The last decade saw remarkable rise in thinking by Ghanaian elites about their progress.In the spirit of a promising African renaissance, the gradual but rapidly budding Ghanaian/African enlightenment movement seeks to use African traditional values for sustainable progress by employing their enabling parts for policy development and refining the inhibiting aspects.
Thucydides would say that the shadows of the coming African enlightenment was graced with George Ayittey of the “African solution for African problems” fame and the 2009 nominee of the US-based Foreign Policy Magazine as one of the world’s leading thinkers "shaping the tenor of our time" and influencing the African rebirth. Still, as 2009 was about to end, Mensah Otabil, a prominent evangelist, blessed the selfless thinkers by stating that “a generational thinker is one who is able to sows seeds for the future.”
If Otabil’s “sow seeds for the future” is anything to go by, then today’s new generation of thinkers are reasoning that Nkrumah and associates’ nation-building architecture wasn’t done deeply enough from within Africa’s culture. African leaders should develop Africa from within African indigenous cultural values and institutions and the tenets of democracy. This doesn’t mean blind appropriation of African values, but using democracy, the rule of law and freedoms to enhance the enabling parts and refining the progress-resistant aspects of the culture.
When George Benson, then Minister of Ghana’s Upper West Regional, noted that female genital mutilation, early marriages, widowhood rites, defilement, child trafficking and child labour continued to impede the development of children in the region and called on traditional rulers in the region to abolish all “obsolete cultures” that partly gave rise to these unconstructive practices, he was helping to open up the African culture for progress.
The little town of Bongo, in Ghana’s Upper East region, rolled a noteworthy enlightenment dice for its progress when its district chief executive, Clement Abugri Tia, charged that there is “no scientific evidence” to support the primordial belief in witchcraft as the cause of death, accidents and other misfortunes that has seen the accusers terrorized, harassed, threatened, killed, banished or physically assaulted. Tia said witchcraft accusations will be met with “arrest and prosecution.” A new thinking by a new generation of elites convinced of undoing the progress-resistant aspects of the African culture!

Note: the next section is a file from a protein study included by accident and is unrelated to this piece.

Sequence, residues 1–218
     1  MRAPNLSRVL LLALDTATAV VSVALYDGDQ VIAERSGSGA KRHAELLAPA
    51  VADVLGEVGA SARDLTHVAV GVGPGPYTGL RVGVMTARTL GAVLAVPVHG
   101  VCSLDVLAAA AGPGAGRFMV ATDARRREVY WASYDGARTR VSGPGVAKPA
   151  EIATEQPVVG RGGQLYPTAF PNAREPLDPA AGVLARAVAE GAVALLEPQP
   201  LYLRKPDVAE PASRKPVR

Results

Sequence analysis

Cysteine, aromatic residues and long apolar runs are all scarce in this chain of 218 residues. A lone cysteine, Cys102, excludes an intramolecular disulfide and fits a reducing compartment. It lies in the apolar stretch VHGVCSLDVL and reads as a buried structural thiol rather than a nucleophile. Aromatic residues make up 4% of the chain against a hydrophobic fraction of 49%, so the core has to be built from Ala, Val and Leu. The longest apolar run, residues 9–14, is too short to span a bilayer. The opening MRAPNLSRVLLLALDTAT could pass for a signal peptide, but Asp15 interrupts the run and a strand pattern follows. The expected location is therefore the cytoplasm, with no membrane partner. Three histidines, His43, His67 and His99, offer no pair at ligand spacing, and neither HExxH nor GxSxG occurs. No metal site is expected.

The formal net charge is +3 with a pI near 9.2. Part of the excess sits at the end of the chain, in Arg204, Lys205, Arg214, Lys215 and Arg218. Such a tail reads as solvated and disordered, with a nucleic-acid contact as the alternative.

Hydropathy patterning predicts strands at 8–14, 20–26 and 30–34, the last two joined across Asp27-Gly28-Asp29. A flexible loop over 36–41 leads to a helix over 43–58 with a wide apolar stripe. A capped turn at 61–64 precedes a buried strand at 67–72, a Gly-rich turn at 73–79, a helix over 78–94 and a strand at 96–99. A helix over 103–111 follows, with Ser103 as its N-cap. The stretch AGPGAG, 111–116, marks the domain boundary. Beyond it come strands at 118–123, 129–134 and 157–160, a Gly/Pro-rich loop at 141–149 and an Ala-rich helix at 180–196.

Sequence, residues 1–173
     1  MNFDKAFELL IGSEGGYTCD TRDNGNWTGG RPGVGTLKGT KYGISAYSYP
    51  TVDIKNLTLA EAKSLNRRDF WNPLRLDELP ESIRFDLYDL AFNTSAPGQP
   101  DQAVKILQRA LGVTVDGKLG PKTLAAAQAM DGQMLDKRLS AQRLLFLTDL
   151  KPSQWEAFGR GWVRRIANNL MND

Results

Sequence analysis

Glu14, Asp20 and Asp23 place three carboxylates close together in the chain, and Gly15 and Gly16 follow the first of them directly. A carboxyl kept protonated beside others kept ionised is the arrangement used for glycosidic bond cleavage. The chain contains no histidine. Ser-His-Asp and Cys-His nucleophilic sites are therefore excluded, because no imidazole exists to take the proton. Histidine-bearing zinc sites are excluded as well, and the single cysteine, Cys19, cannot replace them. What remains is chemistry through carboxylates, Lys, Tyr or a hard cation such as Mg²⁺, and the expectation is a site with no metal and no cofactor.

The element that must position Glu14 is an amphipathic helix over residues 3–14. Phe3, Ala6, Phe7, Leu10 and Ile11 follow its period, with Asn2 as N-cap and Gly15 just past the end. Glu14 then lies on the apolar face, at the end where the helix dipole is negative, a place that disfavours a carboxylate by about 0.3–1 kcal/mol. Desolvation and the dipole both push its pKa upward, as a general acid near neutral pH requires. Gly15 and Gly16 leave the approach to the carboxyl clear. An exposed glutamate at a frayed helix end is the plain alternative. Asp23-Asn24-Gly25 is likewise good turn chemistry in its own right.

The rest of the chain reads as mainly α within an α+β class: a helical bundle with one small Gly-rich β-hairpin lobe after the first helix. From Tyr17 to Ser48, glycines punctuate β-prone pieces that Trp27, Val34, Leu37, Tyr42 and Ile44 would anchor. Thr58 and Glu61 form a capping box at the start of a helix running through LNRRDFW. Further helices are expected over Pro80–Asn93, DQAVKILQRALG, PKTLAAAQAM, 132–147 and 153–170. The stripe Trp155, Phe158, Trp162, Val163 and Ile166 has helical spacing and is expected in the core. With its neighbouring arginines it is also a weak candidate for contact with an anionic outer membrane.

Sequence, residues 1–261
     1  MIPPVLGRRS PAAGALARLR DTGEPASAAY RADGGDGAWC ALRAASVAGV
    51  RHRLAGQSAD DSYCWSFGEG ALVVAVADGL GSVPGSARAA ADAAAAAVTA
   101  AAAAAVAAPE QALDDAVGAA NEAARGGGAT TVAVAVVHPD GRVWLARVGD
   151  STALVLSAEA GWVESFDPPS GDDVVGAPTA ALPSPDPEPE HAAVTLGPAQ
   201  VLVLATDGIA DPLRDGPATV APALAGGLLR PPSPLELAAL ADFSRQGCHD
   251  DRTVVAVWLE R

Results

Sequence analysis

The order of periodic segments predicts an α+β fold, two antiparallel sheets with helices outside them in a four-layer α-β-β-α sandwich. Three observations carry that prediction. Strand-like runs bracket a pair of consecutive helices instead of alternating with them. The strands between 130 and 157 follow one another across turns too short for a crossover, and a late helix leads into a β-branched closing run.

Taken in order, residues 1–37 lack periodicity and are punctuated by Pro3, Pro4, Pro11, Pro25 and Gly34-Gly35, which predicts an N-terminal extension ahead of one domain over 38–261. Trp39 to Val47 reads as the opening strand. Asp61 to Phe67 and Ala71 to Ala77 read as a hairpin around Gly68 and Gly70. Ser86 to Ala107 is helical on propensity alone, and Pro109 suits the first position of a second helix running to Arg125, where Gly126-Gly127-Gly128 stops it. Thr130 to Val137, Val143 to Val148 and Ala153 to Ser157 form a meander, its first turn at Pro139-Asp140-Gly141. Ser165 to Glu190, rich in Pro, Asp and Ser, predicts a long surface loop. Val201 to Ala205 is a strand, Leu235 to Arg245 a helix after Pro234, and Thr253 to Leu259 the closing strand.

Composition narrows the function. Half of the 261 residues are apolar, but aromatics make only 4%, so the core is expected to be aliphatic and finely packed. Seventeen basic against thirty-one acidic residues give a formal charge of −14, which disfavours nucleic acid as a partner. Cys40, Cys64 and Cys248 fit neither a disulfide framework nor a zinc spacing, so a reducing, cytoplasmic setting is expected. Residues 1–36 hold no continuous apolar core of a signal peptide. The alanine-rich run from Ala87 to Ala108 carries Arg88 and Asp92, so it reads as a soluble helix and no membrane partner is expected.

Ghana’s Chief Justice, Mrs. Georgina Wood, has boldly taken on churches to give their members enough time to labour to contribute to Ghana’s progress, as most churches’ activities cover the working hours of the day. In Mrs. Wood, the relationship between the Ghanaian’s spirituality and progress is profoundly puzzling. It touches on Ghanaians’ propensity for doom-mongering, a cultural peccadillo that is impulsively rooted in the progress-resistant aspects of the Ghanaian culture.
As Fukuyama and the German sociologist Max Weber explain, while Europe’s progress cannot be discussed without its positive spiritual origin, in Ghana it is the opposite, with churches openly stifling progress and creating perpetual anxiety by cleverly playing on Ghanaians’ traditional cosmology where evil spirits/demons battle the Supreme Being (God) (to cause misfortunes) that saturates the Ghanaians “social space of everyday life.
It isn’t only the progress-resistant parts of the culture that have occupied the minds of the thinkers for the past decade; it is also how to appropriate the enabling aspects of the culture for progress via policy development as Botswana and other societies in Southeast Asia have effectively done.
Due to long-running colonialism that created Ghana, the country’s development planning has been done from the ex-colonial, Western development paradigms as observed by Y.K. Amoako, the former chair of Economic Commission for Africa. The dilemma with PV Obeng ( chair of the newly constituted National Development Planning Commission) and the need for ground-breaking development planning cooked in Ghanaian traditional values was made clear when he gave a post-appointment interview with the Accra-based Joy FM. PV said his commission will espouse a “participatory approach in planning and in development and ensuring that all political stakeholders in national development process.” He was quickly taken to task for not mentioning the participation of Ghanaian cultural institutions and values such as the National House of Chiefs as part of his “participatory approach.”
Whether described as the African Renaissance or African Enlightenment, it is a good epitaph for a decade where the new generation of thinkers was “able to sow seeds for the future…”